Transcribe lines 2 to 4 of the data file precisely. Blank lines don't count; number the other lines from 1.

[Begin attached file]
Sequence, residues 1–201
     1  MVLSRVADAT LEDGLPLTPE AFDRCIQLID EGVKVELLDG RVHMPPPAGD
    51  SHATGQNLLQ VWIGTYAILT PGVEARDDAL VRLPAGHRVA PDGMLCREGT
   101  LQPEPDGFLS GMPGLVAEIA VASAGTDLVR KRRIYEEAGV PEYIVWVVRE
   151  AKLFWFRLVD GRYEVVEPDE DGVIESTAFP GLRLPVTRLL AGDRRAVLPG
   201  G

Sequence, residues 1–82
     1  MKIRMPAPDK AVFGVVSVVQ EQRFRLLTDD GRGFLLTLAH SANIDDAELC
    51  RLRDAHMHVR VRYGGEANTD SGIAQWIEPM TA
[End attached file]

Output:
     1  MVLSRVADAT LEDGLPLTPE AFDRCIQLID EGVKVELLDG RVHMPPPAGD
    51  SHATGQNLLQ VWIGTYAILT PGVEARDDAL VRLPAGHRVA PDGMLCREGT
   101  LQPEPDGFLS GMPGLVAEIA VASAGTDLVR KRRIYEEAGV PEYIVWVVRE